Monitoring Plan Investments


If there is one thing that is near certain it is that one or more investment options offered in the plan might not work out as expected.  Monitoring plan investments for excessive volatility, manager changes and just plain lousy performance is important if the plan is going to maximize the opportunity it offers participants.

Perhaps the most important component of fund monitoring is setting expectations for a fund when it is added to the plan.  What role should this fund play?  Should I expect volatility? By setting expectations for a fund you create criteria that can be used to evaluate a fund and to know when those expectations have been violated.  There is no reason to add an emerging martkets fund and then get rid of it because it didn't behave like a large cap value fund.  This exercise also helps identify classes of funds that you might consider innapropriate for the plan investment mix. 

Expectations provide a much more valuable set of evaluation criteria than just looking at how the fund performed as compared to an index.  Communicating those expections to plan participants also helps them make better investment decisions.

Fees are an important aspect of the plan to monitor.  We run across many plans where trustees and participants aren't fully informed as to how much they are paying in fees each year.   This lack of knowledge isn't necessarily due to lack of interest.  Often the providers of plan services do not fully disclose arrangements they have with mutual fund companies or provide rather murky disclosure of what they charge participants investing in the plan. 408(b)2 disclosure rules (effective 4/1/2012) should help with this.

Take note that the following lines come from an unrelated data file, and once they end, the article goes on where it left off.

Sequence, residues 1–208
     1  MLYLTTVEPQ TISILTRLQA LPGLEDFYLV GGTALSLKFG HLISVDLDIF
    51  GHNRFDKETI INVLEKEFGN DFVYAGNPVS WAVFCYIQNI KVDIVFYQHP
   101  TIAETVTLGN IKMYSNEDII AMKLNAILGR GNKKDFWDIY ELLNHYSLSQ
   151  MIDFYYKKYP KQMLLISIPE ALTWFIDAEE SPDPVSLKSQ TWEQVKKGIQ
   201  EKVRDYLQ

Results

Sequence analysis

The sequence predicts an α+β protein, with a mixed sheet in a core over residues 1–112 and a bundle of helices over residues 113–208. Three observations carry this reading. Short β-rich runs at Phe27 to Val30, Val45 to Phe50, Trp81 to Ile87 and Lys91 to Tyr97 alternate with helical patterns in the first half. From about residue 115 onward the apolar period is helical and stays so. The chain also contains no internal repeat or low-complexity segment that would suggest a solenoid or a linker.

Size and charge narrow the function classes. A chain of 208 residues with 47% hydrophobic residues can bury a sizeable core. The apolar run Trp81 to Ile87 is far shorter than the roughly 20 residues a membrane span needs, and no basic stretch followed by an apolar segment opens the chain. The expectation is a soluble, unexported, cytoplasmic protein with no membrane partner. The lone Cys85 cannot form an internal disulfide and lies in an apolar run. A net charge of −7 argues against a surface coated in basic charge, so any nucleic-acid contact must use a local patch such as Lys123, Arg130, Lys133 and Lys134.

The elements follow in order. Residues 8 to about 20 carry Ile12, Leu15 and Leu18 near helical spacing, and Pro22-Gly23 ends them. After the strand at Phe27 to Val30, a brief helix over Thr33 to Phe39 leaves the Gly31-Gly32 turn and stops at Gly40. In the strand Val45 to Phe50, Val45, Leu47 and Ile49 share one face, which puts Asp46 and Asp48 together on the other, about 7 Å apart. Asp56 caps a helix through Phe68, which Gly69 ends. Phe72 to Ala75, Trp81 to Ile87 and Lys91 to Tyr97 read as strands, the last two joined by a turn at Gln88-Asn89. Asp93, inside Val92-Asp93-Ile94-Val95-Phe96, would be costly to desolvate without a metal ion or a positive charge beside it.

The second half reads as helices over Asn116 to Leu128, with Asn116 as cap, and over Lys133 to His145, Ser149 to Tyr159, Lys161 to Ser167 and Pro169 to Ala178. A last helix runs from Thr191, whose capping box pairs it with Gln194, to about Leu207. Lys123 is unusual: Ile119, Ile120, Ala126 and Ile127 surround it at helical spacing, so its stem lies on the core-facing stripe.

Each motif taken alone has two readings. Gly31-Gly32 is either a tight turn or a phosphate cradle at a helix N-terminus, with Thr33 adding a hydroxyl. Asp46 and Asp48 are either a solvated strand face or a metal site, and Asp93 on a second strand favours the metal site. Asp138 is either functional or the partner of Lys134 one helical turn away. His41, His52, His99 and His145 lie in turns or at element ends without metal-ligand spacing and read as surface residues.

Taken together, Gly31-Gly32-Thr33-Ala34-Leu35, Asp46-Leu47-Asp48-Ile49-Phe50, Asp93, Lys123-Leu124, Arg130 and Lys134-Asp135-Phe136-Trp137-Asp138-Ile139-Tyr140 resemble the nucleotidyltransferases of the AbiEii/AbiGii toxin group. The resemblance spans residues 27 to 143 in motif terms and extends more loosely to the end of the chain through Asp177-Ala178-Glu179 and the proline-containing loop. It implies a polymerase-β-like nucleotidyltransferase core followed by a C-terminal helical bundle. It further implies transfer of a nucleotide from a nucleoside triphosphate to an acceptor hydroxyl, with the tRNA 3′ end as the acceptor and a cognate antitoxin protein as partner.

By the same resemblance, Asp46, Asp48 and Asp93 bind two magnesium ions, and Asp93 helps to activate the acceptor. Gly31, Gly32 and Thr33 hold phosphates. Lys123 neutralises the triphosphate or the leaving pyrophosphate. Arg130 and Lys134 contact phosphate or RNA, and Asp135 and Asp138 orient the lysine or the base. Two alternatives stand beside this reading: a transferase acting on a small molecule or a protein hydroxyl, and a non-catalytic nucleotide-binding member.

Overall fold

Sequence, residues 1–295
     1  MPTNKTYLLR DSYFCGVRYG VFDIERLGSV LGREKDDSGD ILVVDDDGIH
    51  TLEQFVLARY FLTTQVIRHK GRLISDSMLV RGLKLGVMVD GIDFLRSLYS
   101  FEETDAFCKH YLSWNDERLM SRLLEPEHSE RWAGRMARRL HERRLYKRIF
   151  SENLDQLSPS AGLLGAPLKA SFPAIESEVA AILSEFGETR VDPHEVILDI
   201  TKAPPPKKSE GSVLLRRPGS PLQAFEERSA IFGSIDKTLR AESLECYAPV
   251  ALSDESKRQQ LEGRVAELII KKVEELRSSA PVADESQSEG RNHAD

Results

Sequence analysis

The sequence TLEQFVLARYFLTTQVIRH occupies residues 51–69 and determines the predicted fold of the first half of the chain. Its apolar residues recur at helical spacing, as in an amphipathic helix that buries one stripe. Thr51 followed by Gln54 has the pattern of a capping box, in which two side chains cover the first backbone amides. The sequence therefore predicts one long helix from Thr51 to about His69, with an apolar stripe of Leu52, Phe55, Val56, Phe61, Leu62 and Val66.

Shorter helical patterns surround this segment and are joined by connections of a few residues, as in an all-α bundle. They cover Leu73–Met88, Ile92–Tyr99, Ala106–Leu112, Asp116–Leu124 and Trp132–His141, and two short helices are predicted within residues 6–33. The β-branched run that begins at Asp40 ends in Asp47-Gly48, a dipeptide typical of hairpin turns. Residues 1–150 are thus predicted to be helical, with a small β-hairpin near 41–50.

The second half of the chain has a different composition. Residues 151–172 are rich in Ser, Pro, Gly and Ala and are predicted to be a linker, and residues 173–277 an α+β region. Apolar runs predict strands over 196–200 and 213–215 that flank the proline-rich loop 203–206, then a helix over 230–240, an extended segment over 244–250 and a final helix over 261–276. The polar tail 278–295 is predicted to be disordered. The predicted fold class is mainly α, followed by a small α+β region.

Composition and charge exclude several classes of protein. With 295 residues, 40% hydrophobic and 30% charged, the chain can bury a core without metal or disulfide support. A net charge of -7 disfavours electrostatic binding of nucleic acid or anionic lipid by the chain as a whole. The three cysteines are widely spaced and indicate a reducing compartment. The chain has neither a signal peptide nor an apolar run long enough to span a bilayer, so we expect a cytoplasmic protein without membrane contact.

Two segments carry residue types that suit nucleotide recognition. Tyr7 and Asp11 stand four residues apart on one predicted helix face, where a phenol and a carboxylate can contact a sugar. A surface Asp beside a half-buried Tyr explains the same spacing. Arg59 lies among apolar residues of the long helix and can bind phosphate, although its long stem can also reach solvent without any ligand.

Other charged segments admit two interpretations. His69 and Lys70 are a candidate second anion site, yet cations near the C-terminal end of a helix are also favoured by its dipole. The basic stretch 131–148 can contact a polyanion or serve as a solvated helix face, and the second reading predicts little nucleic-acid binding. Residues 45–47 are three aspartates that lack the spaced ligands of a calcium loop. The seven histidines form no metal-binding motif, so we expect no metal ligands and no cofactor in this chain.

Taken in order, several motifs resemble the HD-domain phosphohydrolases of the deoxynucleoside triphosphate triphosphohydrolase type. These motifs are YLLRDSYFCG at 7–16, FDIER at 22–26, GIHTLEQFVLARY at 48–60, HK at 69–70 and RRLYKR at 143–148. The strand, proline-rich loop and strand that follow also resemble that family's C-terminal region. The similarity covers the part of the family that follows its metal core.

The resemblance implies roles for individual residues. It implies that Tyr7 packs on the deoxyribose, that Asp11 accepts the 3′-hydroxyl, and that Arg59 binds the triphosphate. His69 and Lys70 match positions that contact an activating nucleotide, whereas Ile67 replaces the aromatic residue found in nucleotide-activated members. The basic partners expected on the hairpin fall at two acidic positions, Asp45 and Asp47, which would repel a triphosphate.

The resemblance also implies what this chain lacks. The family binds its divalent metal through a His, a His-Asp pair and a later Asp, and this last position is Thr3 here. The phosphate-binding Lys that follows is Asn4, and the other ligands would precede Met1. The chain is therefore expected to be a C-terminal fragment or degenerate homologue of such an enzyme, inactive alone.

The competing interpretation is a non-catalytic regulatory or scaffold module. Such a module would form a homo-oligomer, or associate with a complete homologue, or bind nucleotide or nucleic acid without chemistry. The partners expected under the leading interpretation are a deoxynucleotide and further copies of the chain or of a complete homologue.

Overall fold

However, as we discuss in our investment selection section low fees do not necessarily translate into superior performance.  Consistently superior performance net of fees it a truer measure of the value a fund provides participants in our view. 

Even if you embrace our point of view, however, many plans pay higher than necessary fees for what are very good performing underlying funds.  Most investment funds have different share classes and some of these classes levy higher fees than others.  The underlying fund itself is the same it's just the level of fees that change.  For example at American Funds an R1 share costs are roughly 1.25% higher than the cost of an R5 share.  Same fund - different cost structure.

Once you have found the funds you want to offer in the plan make sure the share class is appropriate for the plan and that you aren't paying more than necessary.  Over a period of twenty or thirty years an additional 1/2% per year in fees can reduce the ending value of a retirement account by many thousands of dollars. In fact, given a long enough time period, it could cut the value of your nest egg almost in half!  As these fees are asset based, the actual dollar amount paid in fees can increase each year as the value of your account increases.

High fees can reduce the value of even the best performing investments. 




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